Her mother was horrified. As Your Dictionary notes, Betty's mother convinced her to move back to Michigan in 1941. Betty took a full-time job at a local department store and excelled at it, earning several promotions. She gave up on a dance career, but not on dance itself—she continued to give dance lessons, and danced for herself throughout her life. In fact, as Smithsonian Magazine reports, Betty Ford hopped up onto the cabinet table in the White House on her final day as First Lady and famously danced for an iconic photograph.

Her first marriage was tragic

Betty Bloomer returned to Grand Rapids from New York in 1941 and immediately became a hot commodity on the marriage circuit. She began dating a childhood friend named William Warren. History notes that Betty and Bill had known each other since the age of 12, which gives the romance all sorts of romcom overtones.

But as MLive reports, Betty's mother and new stepfather didn't approve of Warren, who drank heavily and was known as a "free spirit." They didn't say anything explicitly to Betty, though, and in 1942 the young couple announced their engagement, and they were married soon thereafter.

Bill worked as a traveling salesman, and he changed jobs frequently. Every time he took on a new territory, the couple would move, and Betty would find work at a local department store. But Bill often stayed out late, and his health deteriorated due to diabetes and his drinking. Betty became increasingly unhappy because she wanted a more stable life, with a permanent home and kids. After a few years she decided she wanted a divorce—but just as she was writing Bill a letter asking for one, he fell into a diabetic coma. Betty spent several months dutifully caring for her ailing husband, but when he was healthy again, she divorced him.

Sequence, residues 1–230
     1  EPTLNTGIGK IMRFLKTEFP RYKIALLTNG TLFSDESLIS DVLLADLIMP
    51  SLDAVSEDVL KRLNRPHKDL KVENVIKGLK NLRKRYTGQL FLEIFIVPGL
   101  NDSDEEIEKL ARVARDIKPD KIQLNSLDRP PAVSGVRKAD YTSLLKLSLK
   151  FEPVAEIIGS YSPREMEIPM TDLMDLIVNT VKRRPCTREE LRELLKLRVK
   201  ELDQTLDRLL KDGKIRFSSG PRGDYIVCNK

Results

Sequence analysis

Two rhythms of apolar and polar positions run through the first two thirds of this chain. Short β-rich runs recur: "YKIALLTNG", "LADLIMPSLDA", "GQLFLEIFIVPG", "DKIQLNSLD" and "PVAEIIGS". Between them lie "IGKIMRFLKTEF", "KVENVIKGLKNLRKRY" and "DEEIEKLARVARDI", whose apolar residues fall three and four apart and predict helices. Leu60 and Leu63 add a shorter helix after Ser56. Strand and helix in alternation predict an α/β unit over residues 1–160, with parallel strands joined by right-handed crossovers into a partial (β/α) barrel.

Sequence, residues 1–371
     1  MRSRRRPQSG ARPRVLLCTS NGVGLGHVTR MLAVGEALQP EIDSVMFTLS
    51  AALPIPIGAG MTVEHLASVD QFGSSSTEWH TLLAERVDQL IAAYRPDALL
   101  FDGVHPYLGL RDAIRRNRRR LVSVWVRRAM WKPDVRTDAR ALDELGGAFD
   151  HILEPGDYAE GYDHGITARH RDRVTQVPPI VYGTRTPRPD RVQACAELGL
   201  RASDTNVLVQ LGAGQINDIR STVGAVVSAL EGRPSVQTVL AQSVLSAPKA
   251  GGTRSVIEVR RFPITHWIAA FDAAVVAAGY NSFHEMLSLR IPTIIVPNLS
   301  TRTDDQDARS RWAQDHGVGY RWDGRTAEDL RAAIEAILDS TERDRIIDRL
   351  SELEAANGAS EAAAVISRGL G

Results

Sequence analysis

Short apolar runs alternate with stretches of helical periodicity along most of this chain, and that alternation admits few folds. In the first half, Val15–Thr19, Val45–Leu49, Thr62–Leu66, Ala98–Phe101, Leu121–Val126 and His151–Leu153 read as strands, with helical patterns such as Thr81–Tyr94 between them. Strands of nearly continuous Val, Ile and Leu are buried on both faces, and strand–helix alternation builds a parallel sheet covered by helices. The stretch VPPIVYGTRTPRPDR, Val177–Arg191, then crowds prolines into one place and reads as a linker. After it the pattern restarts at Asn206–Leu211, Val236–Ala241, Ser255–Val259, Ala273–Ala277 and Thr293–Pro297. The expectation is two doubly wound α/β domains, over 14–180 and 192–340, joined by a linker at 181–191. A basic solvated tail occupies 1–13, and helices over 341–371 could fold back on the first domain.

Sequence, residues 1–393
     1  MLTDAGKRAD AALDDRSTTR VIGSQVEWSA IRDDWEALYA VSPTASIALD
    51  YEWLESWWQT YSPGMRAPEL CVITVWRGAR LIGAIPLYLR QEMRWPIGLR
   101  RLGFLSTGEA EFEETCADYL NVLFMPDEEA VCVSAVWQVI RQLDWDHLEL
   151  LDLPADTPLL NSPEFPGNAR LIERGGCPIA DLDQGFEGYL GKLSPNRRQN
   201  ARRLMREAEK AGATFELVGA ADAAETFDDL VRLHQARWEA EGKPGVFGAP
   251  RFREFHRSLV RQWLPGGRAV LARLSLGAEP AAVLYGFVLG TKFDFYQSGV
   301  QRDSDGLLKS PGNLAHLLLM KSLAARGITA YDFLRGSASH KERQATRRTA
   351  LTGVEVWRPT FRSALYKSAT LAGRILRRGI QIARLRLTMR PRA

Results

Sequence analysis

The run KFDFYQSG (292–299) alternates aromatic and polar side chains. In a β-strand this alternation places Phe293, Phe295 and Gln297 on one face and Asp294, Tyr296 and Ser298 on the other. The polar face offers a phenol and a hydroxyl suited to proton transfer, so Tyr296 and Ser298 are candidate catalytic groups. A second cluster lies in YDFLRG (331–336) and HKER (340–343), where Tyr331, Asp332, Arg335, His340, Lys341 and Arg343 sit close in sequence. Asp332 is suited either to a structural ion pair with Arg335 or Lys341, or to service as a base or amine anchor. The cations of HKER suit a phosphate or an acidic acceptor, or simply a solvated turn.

Betty Ford's marriage to Jerry was affected by politics

After extricating herself from her first marriage to Bill Warren, Betty didn't stay single for very long. Being a divorced woman in 1948 carried a bit of a stigma, but that didn't deter an ambitious young politician named Gerald Ford. Jerry, as she called him, was a hotshot lawyer and a former college football star, and by all accounts their romance quickly became an enduring, lifelong passion—but as MLive notes it was marred by politics from the very beginning.

Jerry asked Betty to marry him in 1948—but immediately delayed their wedding ceremony because he was running for Congress and had to concentrate on his campaign. This was more than just making schedules work, though. As The New York Times reports, Jerry was worried about the reaction of his conservative Republican supporters if he married a divorced ex-dancer, and thought delaying their marriage would be the prudent decision.

The trend continued: Jerry showed up late to their wedding because he attended a campaign event earlier in the day. Somehow, Betty overlooked these offenses and the Fords remained married for the next 58 years, until Jerry passed away at the age of 93 in 2006.

Betty Ford spent half her life in debilitating pain

Betty Ford was a physical young woman. Her biography at First Ladies' Library describes the young Betty Bloomer as "active" and healthy, and as History notes, she was an accomplished dancer who probably could have pursued a professional dance career. Overall, the picture painted of the young Betty Ford is one of an athletic, capable woman.